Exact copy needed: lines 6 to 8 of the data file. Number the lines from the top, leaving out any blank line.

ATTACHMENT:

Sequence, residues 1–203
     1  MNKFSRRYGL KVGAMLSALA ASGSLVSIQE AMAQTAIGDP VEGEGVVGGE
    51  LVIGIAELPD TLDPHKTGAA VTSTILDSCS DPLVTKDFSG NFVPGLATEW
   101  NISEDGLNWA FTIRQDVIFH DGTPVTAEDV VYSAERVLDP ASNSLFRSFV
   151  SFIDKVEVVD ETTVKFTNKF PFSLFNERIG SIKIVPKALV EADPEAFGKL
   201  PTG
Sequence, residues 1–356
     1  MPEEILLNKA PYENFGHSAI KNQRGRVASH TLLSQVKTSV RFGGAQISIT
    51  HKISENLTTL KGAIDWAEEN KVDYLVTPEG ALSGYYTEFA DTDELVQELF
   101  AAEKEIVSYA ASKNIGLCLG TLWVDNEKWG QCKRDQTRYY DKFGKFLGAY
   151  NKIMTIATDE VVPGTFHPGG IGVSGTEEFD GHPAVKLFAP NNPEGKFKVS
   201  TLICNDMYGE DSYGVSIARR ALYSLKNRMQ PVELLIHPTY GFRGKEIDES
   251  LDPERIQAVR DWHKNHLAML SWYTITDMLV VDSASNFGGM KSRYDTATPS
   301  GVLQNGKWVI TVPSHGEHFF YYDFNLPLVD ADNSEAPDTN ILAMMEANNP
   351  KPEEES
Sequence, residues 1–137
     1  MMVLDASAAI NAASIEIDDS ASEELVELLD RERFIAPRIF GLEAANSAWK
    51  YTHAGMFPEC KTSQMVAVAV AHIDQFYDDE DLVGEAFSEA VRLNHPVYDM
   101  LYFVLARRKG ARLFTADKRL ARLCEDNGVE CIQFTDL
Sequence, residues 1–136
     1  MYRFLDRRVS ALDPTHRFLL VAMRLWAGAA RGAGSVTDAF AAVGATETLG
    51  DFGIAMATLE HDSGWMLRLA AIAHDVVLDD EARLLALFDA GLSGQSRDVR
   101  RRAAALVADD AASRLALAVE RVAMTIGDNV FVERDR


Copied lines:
   201  PTG
Sequence, residues 1–356
     1  MPEEILLNKA PYENFGHSAI KNQRGRVASH TLLSQVKTSV RFGGAQISIT